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Project Day One

This is quite possibly going to end up being one of the most boring websites ever made but I need to practice my writing and research so here we go.

Finding myself unemployed (ish), working towards a degree (ish) but most importatly spending every day at home I have decided to do an hours walking around Leeds every day to keep healthy.  Today was day two of walking around so let’s not hold our breathe that this happens every day. However on day one I saw three blue plaques and thought “ooh it could be like a scavenger hunt”.  So today (day two of walking, day one of the ridiculous project) I made sure I kept my eyes open and took pictures of any blue plaque I saw.  Well I seem to have managed to gather a staggering 10 today by accident.  Seems enough to make a really boring blog out of so here I go.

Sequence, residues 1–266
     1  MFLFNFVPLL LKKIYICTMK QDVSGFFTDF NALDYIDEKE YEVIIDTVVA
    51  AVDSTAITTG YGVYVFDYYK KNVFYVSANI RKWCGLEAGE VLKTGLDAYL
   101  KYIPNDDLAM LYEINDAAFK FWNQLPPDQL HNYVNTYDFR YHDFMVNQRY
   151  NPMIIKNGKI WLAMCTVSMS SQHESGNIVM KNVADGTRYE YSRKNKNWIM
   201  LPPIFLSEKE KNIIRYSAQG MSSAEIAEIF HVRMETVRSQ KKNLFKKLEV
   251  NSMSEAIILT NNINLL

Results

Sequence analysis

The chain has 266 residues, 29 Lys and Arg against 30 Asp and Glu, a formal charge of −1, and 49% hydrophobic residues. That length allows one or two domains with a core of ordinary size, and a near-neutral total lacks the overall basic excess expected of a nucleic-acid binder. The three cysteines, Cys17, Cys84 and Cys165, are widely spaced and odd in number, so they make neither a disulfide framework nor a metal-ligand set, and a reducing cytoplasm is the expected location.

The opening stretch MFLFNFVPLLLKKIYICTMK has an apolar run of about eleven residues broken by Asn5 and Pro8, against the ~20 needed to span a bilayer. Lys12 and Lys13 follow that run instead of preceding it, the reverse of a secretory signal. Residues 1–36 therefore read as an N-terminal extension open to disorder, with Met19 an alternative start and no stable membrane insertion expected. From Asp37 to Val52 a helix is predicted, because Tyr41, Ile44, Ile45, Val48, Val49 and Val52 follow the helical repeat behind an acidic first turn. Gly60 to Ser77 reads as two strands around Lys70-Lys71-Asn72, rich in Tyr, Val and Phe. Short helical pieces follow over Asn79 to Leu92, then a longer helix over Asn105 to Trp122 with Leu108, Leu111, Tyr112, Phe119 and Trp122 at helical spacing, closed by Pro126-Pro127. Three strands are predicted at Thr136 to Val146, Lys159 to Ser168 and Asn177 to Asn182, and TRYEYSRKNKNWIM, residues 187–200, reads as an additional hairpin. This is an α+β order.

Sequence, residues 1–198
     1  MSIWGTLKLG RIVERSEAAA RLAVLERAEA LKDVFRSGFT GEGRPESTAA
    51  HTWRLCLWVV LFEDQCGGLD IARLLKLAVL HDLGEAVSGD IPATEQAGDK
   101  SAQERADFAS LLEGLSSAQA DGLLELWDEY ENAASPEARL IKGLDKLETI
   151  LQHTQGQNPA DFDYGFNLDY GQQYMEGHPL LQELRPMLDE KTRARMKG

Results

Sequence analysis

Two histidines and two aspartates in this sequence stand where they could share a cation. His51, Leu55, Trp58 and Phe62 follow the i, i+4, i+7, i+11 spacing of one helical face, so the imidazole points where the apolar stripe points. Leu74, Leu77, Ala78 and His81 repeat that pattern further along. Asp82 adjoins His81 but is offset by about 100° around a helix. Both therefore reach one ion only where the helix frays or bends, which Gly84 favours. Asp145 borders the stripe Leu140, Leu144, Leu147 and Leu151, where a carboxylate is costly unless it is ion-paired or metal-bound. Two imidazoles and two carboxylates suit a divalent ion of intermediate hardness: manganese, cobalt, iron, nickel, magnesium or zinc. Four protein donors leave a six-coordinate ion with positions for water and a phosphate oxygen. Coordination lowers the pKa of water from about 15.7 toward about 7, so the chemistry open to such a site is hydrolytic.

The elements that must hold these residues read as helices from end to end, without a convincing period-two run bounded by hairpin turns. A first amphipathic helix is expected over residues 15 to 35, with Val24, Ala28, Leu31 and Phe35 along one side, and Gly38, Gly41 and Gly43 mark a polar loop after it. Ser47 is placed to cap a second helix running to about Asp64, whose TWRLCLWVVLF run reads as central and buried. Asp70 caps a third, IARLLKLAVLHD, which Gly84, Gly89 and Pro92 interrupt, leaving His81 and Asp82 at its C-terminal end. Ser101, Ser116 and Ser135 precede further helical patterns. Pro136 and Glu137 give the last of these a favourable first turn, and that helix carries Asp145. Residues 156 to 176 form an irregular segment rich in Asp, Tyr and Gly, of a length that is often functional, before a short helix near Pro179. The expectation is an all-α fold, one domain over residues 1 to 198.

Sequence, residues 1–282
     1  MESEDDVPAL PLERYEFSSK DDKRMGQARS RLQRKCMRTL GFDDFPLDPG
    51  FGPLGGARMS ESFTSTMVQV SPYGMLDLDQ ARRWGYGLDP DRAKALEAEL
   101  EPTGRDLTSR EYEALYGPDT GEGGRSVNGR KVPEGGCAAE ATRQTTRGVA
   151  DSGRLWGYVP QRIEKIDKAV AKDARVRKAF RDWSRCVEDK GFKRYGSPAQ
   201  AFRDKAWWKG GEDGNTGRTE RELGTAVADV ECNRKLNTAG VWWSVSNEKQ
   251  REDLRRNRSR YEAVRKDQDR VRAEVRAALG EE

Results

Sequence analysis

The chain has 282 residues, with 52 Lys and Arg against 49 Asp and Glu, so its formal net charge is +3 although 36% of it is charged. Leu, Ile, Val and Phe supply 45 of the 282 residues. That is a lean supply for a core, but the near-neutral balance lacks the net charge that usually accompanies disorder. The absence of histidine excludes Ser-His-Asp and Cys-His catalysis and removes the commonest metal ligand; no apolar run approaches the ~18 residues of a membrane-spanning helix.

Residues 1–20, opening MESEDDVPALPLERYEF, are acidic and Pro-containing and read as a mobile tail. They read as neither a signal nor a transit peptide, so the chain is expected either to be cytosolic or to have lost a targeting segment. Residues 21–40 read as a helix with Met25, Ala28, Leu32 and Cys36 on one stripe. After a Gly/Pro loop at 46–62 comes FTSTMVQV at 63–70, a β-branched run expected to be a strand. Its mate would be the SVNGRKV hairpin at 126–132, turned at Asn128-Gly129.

Rules:

  1. I have to stumble upon them.  I can’t go looking up where they are.  The aim being to cover as much of the city as possible.
  2. I need to take a picture of it and a “context photo” so you can see it from a wider angle.  Going to have to revisit a few from today for that.
  3. I then have to write a blog post about each on of them having done some further research.
  4. Not clear on whether I can take tips from other people about where to go.  So this is less of a rule and more a clarification that this is a murky grey area.  Yeah I suck at rules.

 

So the one bit I have googled is how manny of them there are.  Estimates seem to vary from 150 to 166 and I don’t want to stay on those web pages too long in case I get spoilers.

Anyway – off we go!